Paternity Leave:  Are Employers Required to Grant It?

Paternity Leave: Are Employers Required to Grant It?

September 22, 2015


A CNN employee recently settled a discrimination claim against the news outlet’s parent company, Time Warner, claiming that it wrongfully denied him paid paternity leave on the basis of his sex.  At all times relevant, the company provided paid leave to new adoptive parents, surrogate parents and biological mothers.  Biological fathers were not provided such a leave benefit.


The Family Medical Leave Act (FMLA) requires, in part, that employers with 50 or more employees provide up to 12 weeks of unpaid leave to new fathers (who are FMLA eligible) for the care of a newborn child, adopted child or child placed for foster care.  If the father and mother work for the same employer and each is FMLA eligible, they may collectively take up to 12 weeks, as opposed to 12 weeks each.  Aside from the FMLA, there is no federal law which mandates paternity leave, paid or unpaid.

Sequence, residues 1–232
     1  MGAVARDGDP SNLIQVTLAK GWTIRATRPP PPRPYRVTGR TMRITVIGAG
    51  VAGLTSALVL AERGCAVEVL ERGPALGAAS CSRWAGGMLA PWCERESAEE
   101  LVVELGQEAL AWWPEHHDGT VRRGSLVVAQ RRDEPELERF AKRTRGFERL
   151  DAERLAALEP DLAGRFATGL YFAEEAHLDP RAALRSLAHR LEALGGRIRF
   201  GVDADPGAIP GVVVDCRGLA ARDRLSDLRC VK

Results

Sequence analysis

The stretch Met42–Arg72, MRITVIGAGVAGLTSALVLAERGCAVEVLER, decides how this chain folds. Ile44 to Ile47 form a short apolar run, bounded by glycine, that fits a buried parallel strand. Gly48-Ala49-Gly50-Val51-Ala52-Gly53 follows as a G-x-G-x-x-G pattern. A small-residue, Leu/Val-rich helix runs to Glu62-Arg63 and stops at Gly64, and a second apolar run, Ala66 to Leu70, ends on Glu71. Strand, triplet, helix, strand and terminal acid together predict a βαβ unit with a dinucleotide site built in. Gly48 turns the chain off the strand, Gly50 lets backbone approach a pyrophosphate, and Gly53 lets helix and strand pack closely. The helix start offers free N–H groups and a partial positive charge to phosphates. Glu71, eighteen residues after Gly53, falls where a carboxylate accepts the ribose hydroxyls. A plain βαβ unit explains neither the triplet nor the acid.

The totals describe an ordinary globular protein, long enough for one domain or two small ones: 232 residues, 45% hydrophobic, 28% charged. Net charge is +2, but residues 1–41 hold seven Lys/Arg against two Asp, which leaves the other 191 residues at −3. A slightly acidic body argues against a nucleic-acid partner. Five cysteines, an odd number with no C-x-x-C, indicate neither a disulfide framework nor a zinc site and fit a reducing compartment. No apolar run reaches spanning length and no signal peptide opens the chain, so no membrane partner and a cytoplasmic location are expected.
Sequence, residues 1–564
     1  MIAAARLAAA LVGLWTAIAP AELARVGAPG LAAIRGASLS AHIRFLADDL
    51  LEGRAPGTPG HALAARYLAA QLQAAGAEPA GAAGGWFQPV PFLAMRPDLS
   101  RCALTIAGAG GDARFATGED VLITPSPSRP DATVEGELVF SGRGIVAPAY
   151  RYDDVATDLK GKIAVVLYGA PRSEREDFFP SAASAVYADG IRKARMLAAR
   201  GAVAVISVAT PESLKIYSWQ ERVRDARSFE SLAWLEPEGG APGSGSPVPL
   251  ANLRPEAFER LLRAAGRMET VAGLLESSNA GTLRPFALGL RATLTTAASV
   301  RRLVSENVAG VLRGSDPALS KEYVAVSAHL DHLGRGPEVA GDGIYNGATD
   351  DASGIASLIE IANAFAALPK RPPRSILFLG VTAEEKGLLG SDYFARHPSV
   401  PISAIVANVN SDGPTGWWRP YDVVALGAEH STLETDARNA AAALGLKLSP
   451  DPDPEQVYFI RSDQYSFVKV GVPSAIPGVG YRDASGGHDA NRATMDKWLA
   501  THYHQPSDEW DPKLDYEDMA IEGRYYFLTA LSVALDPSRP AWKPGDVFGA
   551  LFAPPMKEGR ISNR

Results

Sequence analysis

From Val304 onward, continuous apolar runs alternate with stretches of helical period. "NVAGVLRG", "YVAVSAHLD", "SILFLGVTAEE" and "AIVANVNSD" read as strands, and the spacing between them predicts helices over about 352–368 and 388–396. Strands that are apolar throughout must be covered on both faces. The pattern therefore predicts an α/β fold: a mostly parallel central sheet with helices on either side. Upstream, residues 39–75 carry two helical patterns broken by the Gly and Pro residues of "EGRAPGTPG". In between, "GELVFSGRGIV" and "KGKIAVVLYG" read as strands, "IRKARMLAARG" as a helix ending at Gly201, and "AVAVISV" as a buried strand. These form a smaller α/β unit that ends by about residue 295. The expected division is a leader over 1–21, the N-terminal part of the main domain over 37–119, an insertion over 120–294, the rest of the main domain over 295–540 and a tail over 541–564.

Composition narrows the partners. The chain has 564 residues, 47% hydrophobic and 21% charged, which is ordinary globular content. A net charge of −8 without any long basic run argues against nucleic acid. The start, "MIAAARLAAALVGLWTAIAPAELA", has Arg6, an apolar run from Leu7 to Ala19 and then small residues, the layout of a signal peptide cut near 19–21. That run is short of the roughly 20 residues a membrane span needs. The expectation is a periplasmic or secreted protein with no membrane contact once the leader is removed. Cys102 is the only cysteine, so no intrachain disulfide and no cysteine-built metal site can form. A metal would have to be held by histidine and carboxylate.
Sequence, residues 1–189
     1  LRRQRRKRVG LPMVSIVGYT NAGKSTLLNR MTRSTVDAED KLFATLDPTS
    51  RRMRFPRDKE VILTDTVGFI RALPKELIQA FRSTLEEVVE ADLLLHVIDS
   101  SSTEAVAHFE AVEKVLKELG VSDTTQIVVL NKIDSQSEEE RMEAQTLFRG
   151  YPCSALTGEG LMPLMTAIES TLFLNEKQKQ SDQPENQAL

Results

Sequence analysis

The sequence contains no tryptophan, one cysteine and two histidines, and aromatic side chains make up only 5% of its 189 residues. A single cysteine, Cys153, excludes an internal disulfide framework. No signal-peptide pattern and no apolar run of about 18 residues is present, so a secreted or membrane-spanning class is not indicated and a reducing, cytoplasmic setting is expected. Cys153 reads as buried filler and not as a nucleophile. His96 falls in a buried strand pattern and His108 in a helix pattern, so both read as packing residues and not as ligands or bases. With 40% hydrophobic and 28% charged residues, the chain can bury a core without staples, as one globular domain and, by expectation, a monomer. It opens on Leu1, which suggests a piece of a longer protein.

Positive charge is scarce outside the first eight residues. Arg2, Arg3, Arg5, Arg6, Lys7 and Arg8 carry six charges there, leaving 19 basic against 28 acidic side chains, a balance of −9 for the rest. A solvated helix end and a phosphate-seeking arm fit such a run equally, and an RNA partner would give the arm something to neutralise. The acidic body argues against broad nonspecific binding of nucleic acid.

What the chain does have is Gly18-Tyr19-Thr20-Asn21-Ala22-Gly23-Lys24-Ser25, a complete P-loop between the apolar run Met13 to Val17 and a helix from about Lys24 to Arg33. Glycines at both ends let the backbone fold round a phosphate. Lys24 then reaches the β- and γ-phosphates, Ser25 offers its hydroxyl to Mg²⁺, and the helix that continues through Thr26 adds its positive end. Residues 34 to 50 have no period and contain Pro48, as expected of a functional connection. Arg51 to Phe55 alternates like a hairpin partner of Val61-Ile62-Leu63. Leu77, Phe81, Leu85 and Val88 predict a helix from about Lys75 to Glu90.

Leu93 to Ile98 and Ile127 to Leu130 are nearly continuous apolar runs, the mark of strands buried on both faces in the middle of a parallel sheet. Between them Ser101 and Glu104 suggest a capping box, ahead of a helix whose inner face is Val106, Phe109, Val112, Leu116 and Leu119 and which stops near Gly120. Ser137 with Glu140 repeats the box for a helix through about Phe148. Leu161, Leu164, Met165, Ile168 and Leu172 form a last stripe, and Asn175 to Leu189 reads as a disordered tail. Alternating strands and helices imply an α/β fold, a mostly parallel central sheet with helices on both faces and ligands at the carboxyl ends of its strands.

A number of states, including California, New Jersey and Rhode Island, have laws requiring paid paternity leave, though, as with the FMLA, certain employee eligibility requirements must be met. Florida does not require employers to provide paternity leave, paid or unpaid.


Fathers are increasingly taking more of an active role in the parenting of their children-  that includes the initial months of care following birth, a responsibility which has traditionally fallen on new mothers.   Along with this trend is a greater expectation that employers will be more accommodating with regard to paternity leave.


Employers must be careful not to assume that absent FMLA leave rights or state law mandate, that male employees are absolutely not entitled to paternity leave.  If an employer has an internal policy, written or unwritten, providing for parental leave (whether paid or unpaid), it cannot administer said policy in a discriminatory fashion as it could invite a discrimination claim under Title VII (as was the case in the CNN employee’s charge cited above) or state law prohibiting employment discrimination.